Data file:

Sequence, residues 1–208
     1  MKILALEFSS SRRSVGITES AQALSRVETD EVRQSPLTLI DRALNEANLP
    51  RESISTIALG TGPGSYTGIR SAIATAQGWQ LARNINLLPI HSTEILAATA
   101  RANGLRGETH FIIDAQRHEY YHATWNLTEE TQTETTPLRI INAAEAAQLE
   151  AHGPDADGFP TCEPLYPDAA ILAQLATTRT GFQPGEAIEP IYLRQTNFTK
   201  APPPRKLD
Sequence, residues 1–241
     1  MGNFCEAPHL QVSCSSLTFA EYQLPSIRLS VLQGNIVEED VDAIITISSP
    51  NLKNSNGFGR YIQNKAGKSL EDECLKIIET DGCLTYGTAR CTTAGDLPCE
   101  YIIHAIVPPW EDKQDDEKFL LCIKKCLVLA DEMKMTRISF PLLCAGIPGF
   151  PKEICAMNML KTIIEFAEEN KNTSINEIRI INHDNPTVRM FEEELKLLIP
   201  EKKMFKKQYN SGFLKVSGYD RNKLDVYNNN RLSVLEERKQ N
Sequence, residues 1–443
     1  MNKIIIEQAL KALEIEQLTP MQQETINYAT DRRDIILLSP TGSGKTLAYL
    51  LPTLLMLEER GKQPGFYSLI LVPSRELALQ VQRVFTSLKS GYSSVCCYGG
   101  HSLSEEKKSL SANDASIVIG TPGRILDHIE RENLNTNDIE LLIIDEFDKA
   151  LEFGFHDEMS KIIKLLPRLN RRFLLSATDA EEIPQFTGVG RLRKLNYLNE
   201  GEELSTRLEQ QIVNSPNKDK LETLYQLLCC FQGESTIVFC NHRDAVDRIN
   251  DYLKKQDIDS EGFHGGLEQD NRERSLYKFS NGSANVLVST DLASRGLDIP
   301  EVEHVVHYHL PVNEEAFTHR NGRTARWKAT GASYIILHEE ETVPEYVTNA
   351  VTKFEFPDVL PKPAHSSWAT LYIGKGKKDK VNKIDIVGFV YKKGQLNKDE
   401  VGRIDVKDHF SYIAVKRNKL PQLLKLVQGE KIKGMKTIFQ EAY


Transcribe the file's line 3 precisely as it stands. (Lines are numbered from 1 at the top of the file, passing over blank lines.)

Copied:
    51  RESISTIALG TGPGSYTGIR SAIATAQGWQ LARNINLLPI HSTEILAATA